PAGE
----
Salish Blankets presents a new perspective on Salish weaving through technical and anthropological lenses. Worn as ceremonial robes, the blankets are complex objects said to preexist in the supernatural realm and made manifest in the natural world through ancestral guidance. The blankets are protective garments that at times of great life changes—birth, marriage, death—offer emotional strength and mental focus. A blanket can help establish the owner’s standing in the community and demonstrate a weaver’s technical expertise and artistic vision. The object, the maker, the wearer, and the community are bound and transformed through the creation and use of the blanket.
Drawing on first-person accounts of Salish community members, object analysis, and earlier ethnographic sources, the authors offer a wide-ranging material culture study of Coast Salish lifeways. Salish Blankets explores the design, color/pigmentation, meaning, materials, and process of weaving and examines its historical and cultural contexts.
About the Author
Leslie H. Tepper is the curator of Western ethnology at the Canadian Museum of History. She is the author of Earthline and Morning Star: Nlaka’pamux Clothing Traditions and coauthor of Legends of Our Times: Native Cowboy Life. Janice George (Chepximiya Siyam) is a co-owner (along with Willard Joseph) of the L’hen Awtxw: The Weaving House studio. She is a hereditary chief of a Squamish family. Willard Joseph (Skwetsimltexw), the great-great-grandson of Harriett Johnnie, weaves and teaches.
"A nice addition to general Salish ethnography."—M. Ebert, CHOICE
"Through its portrait of artistic practices past and present, and the working intercultural relationships that bring them into public view, this beautifully designed book represents the future of indigenous material culture studies. In its collaborative character, Salish Blankets unites heritage professionals and artists, who articulate individual interests on their own terms, and forges institutional connections among Native communities, museums, and distant nations, projecting ancient and present cultural practices across boundaries of time and geography. It is a literary act of reconciliation and an educational celebration, a most welcome contribution to museum and indigenous studies."—Robert E. Walls, Journal of Folklore Research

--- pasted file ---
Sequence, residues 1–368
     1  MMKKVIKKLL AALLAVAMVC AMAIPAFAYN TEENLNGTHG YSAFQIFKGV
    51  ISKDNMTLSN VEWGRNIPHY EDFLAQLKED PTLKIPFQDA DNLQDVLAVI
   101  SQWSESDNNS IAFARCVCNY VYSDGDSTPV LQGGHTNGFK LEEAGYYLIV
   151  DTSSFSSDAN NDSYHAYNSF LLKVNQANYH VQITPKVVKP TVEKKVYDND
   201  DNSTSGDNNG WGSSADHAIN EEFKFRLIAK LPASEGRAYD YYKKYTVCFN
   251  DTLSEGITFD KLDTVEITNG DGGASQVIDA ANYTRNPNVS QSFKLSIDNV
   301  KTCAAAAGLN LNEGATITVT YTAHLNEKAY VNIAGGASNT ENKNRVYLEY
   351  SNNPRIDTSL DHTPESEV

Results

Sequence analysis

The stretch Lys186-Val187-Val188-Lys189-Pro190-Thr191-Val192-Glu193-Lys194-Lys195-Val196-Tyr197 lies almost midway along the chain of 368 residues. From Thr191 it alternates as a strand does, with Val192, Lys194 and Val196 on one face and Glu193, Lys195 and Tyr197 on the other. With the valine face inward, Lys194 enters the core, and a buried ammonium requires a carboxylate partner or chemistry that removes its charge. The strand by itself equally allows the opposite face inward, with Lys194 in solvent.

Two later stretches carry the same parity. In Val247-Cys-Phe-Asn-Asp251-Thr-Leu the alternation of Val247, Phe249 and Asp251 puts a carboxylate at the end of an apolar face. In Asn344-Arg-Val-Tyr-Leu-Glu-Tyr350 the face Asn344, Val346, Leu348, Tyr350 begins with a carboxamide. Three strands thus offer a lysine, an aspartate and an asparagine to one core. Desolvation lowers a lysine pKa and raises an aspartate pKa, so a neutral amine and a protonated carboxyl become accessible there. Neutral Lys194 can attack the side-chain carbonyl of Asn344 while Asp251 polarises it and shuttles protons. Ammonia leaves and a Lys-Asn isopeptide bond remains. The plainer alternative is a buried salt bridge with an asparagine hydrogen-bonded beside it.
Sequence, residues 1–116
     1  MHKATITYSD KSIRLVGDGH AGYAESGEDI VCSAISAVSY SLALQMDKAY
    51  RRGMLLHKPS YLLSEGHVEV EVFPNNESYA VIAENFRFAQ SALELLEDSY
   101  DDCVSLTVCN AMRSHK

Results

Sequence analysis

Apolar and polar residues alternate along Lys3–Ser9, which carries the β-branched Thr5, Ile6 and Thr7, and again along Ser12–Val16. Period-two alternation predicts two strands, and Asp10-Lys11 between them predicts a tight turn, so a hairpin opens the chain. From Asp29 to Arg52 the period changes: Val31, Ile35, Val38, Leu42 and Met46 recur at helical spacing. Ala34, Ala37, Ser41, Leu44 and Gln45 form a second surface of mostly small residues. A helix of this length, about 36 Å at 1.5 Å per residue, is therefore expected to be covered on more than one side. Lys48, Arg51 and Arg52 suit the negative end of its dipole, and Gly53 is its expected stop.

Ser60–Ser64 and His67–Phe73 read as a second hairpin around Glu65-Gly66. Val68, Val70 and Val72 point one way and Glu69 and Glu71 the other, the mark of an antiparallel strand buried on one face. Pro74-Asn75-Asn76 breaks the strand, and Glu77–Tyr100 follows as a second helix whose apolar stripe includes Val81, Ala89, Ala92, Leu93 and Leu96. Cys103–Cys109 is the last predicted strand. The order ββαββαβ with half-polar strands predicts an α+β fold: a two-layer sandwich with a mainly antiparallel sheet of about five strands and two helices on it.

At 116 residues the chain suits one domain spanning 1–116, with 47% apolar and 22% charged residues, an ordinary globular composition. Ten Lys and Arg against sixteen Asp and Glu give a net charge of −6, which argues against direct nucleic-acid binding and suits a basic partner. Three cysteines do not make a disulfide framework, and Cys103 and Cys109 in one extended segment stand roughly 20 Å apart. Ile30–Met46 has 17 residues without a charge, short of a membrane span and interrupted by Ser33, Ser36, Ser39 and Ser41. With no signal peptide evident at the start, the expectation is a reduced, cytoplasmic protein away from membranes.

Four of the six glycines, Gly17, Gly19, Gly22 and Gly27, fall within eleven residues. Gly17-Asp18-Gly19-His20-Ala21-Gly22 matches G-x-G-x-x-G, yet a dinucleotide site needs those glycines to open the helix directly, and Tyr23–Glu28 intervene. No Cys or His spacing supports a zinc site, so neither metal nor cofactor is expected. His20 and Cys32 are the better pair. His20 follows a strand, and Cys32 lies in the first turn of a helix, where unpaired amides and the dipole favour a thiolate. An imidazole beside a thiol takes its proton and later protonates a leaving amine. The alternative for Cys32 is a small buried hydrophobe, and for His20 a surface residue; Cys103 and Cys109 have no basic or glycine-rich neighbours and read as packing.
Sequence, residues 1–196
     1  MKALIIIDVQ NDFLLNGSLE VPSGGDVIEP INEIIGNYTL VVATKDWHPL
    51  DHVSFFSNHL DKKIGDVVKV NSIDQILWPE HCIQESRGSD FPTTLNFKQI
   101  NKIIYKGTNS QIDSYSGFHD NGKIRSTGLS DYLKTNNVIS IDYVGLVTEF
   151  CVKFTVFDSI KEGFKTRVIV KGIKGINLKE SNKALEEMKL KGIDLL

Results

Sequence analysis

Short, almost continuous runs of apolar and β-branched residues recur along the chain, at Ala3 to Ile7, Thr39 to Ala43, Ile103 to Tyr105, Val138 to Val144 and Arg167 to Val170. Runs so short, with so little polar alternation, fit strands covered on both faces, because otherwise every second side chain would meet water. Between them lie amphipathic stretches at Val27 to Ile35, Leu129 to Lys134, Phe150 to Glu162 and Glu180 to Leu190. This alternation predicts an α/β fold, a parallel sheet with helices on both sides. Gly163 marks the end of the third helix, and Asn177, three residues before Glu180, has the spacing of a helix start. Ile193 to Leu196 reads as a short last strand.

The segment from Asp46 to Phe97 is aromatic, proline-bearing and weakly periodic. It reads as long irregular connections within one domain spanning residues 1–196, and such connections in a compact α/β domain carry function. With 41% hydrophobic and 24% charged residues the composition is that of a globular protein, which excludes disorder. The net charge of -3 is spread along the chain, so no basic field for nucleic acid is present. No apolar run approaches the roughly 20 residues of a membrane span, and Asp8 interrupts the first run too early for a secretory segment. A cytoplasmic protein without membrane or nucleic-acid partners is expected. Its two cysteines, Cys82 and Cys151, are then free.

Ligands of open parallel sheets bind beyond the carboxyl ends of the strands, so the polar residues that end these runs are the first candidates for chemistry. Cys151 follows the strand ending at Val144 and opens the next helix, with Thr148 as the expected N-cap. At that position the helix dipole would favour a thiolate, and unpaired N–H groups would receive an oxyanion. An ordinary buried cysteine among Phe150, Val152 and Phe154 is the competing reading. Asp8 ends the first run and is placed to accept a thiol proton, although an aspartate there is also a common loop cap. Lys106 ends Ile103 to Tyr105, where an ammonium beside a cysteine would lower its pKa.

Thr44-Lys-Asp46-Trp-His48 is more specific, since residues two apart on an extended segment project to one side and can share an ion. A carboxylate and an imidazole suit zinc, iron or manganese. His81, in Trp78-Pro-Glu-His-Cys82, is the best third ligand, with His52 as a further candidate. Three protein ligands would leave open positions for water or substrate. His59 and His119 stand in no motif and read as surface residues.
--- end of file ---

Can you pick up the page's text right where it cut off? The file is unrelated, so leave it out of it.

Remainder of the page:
"Salish Blankets: Robes of Protection and Transformation, Symbols of Wealth, draws on first-person accounts from Salish community members to offer a comprehensive look at the technical skills involved in weaving. It also examines the numerous ways that weaving plays an important role in Salish and Indigenous culture, both now and historically."—Ben Bengston, North Shore News
"Salish Blankets: Robes of Protection and Transformation, Symbols of Wealth contributes to an emerging collaborative literature documenting Salish art and material heritage through the centuries."—Kaitlin McCormick, Canadian Journal of Native Studies
"The research team of Leslie Tepper, Chepximiya Siyam (Janice George), and Skwetsimltexw (Willard Joseph) achieved their goals by triangulating between three sources of information—the physical blankets in museum collections, archival records and publications concerned with Salish weaving and culture, and contemporary teachings about the Salish worldview and the craft. Their methodical approach is an exciting step in the right direction and, by the authors' own admission, a ready platform for others to build upon."—Ann Lane Hedlund, Pacific Northwest Quarterly
"Somehow Coast Salish blankets, despite embodying complex knowledge of fibres and outstanding skill in spinning, design, and weaving, have remained relatively unknown. Salish Blankets aims to change this by highlighting and explaining the exquisiteness and importance of these blankets."—Liz Hammond-Kaarremaa, BC Book Look?
“This book does so many things well. . . . The sensitive and intelligent discussion reveals the difficulties of research and interpretation of an art form that was changing and in flux for many generations. . . . The authors have nimbly stitched together the fragments to create a whole.”—Barbara Brotherton, curator of Native American art at the Seattle Art Museum
“These three authors have thought of us and those yet to come . . . so this ancient/contemporary craft and art may be understood and continued in a modern world.”—annie ross, Indigenous weaver and associate professor in the Department of First Nations Studies at Simon Fraser University